Business Leaders Lessons: with Mark Kelly, Kellenergy

In this series we’re meeting leading voices from organisations across Northern Ireland for their advice and insights into business success.

We recently caught up with AIB customer Mark Kelly, owner of Kellenergy, based in Dungannon. Mark reflects on the importance of sustainability for farming and businesses.

“Coming from a farming background I’ve always had a keen interest in the environment around me and how to protect and harness our natural resources. I went to Queen’s University Belfast and completed a Masters in mechanical engineering. Having gained this qualification, coupled with my interest in sustainability and farming, I knew there was more I could offer.” 

1.)   Embrace your passion
Over the years, we have been able to expand our dairy farming business in County Tyrone by incorporating an anaerobic digester into our operations; this is where the idea for Kellenergy came from. I like to think of us as ‘small but mighty’. There are two of us working in the business and everyday we’re doing our bit for the environment by helping recycle waste and produce green energy. There is nothing more rewarding than being able to embrace your passion and turn it into a business. 


2.)   Take that leap of faith!
In 2005, the Renewables Obligation scheme had just been introduced in Northern Ireland. This scheme was designed to encourage generation of electricity from eligible renewable sources. This was a great starting point to enter the renewable energy market, although it did take a certain leap of faith to trust in my own skills and knowledge to make the business work. Our robotic dairy system transfers all our farmyard waste such as slurry through our anaerobic digester to produce biogas, a form of renewable energy, which is then sold back onto the grid to help power and heat homes. Knowing that I am doing my bit for the environment, and helping power homes up and down the country, is something I am very proud of to this day.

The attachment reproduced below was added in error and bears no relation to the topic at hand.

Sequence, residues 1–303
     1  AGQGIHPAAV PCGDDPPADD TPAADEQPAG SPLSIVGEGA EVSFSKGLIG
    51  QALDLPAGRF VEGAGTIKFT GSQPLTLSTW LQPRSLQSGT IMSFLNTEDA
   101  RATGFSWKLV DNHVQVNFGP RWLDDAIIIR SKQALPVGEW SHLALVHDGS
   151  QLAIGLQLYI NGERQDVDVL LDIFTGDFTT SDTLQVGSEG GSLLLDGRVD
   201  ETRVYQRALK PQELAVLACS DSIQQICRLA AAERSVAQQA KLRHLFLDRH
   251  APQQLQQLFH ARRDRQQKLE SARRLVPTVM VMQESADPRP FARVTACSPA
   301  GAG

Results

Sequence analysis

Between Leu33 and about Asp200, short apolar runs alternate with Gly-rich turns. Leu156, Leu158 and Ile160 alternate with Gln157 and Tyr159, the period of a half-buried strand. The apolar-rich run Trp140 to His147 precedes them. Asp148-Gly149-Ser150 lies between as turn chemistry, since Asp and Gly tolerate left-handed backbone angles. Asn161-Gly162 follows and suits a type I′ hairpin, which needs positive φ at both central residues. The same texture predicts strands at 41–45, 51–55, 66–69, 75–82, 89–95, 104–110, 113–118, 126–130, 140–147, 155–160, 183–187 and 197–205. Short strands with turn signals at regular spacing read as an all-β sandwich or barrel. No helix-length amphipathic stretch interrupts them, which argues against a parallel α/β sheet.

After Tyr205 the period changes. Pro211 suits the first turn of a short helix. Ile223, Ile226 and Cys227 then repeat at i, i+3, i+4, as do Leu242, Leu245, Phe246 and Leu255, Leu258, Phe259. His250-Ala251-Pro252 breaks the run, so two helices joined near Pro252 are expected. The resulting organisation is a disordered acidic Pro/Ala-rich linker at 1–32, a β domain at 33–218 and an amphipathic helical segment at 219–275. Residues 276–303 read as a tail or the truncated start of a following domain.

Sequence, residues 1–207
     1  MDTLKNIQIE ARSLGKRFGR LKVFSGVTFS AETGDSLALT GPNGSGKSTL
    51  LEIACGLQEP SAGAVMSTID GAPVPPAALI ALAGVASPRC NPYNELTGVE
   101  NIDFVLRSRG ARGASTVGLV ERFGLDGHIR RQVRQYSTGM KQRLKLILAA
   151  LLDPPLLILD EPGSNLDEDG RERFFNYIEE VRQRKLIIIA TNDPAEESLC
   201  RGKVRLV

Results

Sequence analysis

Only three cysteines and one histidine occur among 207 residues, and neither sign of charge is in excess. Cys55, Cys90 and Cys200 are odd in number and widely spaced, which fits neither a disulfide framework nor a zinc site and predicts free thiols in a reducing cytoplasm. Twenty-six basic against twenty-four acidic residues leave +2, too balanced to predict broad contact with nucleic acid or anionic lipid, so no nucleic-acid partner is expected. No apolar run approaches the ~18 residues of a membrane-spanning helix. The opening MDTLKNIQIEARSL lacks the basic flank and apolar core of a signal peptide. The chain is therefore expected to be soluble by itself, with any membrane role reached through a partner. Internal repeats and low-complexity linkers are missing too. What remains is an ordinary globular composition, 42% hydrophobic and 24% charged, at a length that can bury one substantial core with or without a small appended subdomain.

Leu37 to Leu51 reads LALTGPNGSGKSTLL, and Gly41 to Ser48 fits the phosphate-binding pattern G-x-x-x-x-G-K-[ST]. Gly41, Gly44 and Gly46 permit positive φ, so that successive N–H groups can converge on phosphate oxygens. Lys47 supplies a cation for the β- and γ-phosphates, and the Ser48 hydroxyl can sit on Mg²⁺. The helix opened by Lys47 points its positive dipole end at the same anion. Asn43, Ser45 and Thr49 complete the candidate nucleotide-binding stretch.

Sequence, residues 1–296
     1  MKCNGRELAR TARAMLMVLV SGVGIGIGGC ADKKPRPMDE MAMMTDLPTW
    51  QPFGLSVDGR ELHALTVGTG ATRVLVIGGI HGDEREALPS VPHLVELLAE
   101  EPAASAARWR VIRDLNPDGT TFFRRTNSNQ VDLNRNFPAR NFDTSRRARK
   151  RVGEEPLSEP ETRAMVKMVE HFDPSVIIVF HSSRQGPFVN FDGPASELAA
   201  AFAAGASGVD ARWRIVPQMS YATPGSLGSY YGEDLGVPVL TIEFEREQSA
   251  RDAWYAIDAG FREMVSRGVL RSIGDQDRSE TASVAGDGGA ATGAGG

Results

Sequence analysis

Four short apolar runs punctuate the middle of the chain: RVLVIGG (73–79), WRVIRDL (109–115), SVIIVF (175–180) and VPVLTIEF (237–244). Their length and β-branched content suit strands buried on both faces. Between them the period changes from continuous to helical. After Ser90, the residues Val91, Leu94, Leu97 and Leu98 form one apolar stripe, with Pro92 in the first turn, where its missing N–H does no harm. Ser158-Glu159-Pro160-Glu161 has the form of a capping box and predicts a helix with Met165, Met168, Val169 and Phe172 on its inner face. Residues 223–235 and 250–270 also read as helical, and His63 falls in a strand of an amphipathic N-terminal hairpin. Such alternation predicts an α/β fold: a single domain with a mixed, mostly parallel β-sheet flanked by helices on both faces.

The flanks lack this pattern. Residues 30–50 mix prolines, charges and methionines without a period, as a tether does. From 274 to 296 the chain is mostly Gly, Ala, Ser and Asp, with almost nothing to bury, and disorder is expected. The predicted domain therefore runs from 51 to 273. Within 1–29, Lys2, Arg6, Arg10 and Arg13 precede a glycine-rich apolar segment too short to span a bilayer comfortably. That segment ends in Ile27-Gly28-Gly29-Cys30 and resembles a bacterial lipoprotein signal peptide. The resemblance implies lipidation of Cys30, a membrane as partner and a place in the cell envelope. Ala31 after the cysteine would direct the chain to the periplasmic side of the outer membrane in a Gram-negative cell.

3.)   Do your homework
In the past decade we’ve seen great strides being taken by farms in Northern Ireland to be more sustainable. It’s more commonplace now for farming businesses to have solar panels, wind turbines or hydro systems to power their processes. Keeping ahead of the curve in an industry like this is vital, as technology and farming practices are constantly evolving.

As a business, we must be on the ball in terms of leading sustainable efforts.

If you are an up-and-coming business leader in this space my advice is to do your homework. It’s important to keep up to date on the latest policy developments, technology trends and research. From reading local news and attending events to networking and building relationships in your sector, you can ensure to prioritise sustainability practices in your business and services.


4.)   Evaluate your inputs and outputs
For businesses who are looking to become more energy efficient themselves, my advice would be to evaluate your inputs and outputs and what you need to operate your business. In terms of your energy requirements, is there any way you can produce them? Bring your costs down? Acquire more sustainable sources?

It’s easier said than done, but it is worth sitting down to analyse the business as a whole and what makes it tick. Being able to produce more from less is really the crux of becoming more efficient.

In the future, we hope to expand Kellenergy further and become as sustainable as we possibly can. We are always investigating future opportunities in terms of technology or renewable energy sources. Looking into the likes of green gas production or working within hydrogen production as that’s becoming increasingly popular within the farming sector.

For more great insights from AIB customers, visit